Wait On The Lord

This weekly bulletin insert complements the curriculum published by the Department of Christian Education of the Orthodox Church in America. This and many other Christian Education resources are available at http://dce.oca.org.
 

Some popular stand-up comedians have recently taken to upbraiding the God of the Old Testament. He is, they complain in their routines, ruthless. He is unpredictable. He is—especially in the case of Moses--distinctly unfair. One comic recently declared, as he strode across the stage with his microphone and cigarette, that it wasn't right that Moses should be kept from entering the Promised Land. After all, he had done many good and courageous things for God.

The Feast of the Transfiguration this week gives us a chance to reflect on this comic's declaration. On the day before the Feast we remember a woman who also can encourage us to think about God's "fairness." She is Saint Nonna, the mother of Saint Gregory the Theologian and a woman who knew the efficacy of heartfelt prayer.

Nonna, a dedicated Christian, was married to a pagan man. Her husband's lack of belief was a source of pain for many years, but she kept praying for his enlightenment. Though it took a long time, Nonna's husband did become a Christian, and eventually was made bishop of the city of Nazianzus. Nonna was a female deacon. One of the duties of deaconesses was to help and guide Christian women married to pagans. So she may well have been a strong support to other women in her same circumstances. In addition, of course, she was the influential mother of one of the Church's greatest saints.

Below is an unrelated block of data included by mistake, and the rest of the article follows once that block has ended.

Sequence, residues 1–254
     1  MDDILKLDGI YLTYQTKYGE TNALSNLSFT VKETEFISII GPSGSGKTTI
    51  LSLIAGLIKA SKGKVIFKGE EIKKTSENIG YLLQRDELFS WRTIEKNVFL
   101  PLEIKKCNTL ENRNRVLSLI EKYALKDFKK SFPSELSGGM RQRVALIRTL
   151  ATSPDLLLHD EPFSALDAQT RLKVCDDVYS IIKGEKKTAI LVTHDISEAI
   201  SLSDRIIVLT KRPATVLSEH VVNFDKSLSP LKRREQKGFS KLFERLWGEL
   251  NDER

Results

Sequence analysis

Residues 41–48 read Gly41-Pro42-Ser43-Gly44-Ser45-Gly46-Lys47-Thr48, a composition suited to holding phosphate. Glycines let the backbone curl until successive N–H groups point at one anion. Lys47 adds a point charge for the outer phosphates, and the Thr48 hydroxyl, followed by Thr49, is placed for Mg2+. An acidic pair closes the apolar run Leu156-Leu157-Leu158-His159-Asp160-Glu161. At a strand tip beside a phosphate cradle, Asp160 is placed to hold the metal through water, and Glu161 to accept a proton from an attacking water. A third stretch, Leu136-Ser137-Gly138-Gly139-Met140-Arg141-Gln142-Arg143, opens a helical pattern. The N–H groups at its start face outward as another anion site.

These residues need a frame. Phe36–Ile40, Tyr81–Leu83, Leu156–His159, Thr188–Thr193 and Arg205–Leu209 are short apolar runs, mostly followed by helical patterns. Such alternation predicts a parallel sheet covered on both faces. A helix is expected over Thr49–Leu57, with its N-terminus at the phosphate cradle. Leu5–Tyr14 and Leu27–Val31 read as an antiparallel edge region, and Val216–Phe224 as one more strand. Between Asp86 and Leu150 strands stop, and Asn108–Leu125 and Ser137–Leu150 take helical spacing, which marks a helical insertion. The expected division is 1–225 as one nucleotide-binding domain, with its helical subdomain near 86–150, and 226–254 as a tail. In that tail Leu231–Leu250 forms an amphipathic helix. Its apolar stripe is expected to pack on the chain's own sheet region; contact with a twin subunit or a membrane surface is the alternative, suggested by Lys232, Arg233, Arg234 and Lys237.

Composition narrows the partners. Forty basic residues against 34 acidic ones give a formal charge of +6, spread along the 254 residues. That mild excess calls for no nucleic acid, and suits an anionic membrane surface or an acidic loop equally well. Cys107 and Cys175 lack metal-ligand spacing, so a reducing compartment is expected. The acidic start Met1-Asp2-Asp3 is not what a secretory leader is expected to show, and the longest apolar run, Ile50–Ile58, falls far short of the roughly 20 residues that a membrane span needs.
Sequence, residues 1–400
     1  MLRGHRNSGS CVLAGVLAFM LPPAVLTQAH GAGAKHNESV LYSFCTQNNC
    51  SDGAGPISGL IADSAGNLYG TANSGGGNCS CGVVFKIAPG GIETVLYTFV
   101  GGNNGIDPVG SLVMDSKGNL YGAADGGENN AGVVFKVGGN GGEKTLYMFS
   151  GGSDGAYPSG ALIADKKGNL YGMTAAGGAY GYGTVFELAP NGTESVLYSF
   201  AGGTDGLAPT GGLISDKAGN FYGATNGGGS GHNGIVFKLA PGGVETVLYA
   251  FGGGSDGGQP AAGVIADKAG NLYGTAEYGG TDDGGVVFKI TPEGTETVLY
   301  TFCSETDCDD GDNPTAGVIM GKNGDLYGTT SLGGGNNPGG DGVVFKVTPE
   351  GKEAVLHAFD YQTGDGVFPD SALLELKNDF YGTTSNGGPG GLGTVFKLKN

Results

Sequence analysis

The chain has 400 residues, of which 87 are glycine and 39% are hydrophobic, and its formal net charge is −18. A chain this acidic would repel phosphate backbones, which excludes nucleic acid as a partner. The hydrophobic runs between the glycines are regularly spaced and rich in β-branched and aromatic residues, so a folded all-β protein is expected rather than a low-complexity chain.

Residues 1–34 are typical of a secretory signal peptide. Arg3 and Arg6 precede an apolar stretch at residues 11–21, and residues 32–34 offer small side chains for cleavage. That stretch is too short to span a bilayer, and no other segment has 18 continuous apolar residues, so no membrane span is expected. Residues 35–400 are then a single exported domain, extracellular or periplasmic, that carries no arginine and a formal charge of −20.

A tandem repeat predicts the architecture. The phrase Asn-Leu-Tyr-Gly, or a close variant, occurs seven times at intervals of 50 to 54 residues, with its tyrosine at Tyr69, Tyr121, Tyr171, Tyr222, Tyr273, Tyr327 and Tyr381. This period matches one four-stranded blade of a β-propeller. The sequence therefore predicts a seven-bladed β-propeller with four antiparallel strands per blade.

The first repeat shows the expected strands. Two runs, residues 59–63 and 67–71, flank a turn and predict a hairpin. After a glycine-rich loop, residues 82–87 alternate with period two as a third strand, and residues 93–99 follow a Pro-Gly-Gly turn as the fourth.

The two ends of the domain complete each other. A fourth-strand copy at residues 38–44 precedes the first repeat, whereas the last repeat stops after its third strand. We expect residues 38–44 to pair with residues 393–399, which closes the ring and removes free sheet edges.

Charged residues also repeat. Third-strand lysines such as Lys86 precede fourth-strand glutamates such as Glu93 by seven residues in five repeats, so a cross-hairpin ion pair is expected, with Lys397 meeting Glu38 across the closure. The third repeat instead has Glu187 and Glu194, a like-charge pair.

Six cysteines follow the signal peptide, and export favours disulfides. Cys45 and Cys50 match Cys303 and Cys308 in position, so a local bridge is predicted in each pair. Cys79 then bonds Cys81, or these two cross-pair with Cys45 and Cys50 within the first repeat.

But Nonna had to wait on the Lord. Her husband's conversion came only after long years of faithful prayer. She had to trust God, and believe that He would choose the right time to turn her husband to the faith.

We Christians have a similar trust in God's intention for His beloved prophet Moses. For us, unlike the comedians who complain of the unfair way God treated him, Moses' story does not end with the Lord's words in Deuteronomy 34:4,when He tells Moses, "I have let you see it [the Promised Land] with your eyes, but you shall not go over there." At the Feast of the Transfiguration, we will see him again.

Not only will we see Moses, but he will be standing with the Lord in His glory, representing the Law and all those who have died. Moses will show us the eternal life that God intends for all of us.

Nonna in her lifetime never doubted that the Lord would answer her prayers for her husband. Moses wasn't allowed to enter the Promised Land, but he was given the great gift of standing before the whole universe in the Lord's transfigured presence. When we are tempted to wonder about God's providence, or His "fairness", we can look to the pious example of Nonna. We can study the icon that shows us the mountaintop appearance of Moses long after his earthly death. They remind us of what it means to wait on the Lord.